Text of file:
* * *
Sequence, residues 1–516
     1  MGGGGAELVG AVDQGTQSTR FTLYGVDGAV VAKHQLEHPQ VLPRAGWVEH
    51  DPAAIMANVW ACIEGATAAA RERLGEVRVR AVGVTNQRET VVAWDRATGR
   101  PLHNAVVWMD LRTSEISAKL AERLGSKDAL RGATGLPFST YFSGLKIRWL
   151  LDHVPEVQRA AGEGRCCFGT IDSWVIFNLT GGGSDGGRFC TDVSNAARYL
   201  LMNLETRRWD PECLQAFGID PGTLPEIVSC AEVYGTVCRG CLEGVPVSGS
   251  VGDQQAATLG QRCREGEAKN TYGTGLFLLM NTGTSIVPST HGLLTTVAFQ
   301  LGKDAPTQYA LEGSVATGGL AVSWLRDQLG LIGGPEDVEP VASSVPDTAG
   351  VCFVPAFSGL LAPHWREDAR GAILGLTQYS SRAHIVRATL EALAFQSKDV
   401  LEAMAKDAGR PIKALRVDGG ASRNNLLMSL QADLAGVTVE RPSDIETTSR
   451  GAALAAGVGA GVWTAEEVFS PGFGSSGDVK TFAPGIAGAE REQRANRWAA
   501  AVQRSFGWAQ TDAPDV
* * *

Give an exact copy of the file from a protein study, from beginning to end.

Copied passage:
Sequence, residues 1–516
     1  MGGGGAELVG AVDQGTQSTR FTLYGVDGAV VAKHQLEHPQ VLPRAGWVEH
    51  DPAAIMANVW ACIEGATAAA RERLGEVRVR AVGVTNQRET VVAWDRATGR
   101  PLHNAVVWMD LRTSEISAKL AERLGSKDAL RGATGLPFST YFSGLKIRWL
   151  LDHVPEVQRA AGEGRCCFGT IDSWVIFNLT GGGSDGGRFC TDVSNAARYL
   201  LMNLETRRWD PECLQAFGID PGTLPEIVSC AEVYGTVCRG CLEGVPVSGS
   251  VGDQQAATLG QRCREGEAKN TYGTGLFLLM NTGTSIVPST HGLLTTVAFQ
   301  LGKDAPTQYA LEGSVATGGL AVSWLRDQLG LIGGPEDVEP VASSVPDTAG
   351  VCFVPAFSGL LAPHWREDAR GAILGLTQYS SRAHIVRATL EALAFQSKDV
   401  LEAMAKDAGR PIKALRVDGG ASRNNLLMSL QADLAGVTVE RPSDIETTSR
   451  GAALAAGVGA GVWTAEEVFS PGFGSSGDVK TFAPGIAGAE REQRANRWAA
   501  AVQRSFGWAQ TDAPDV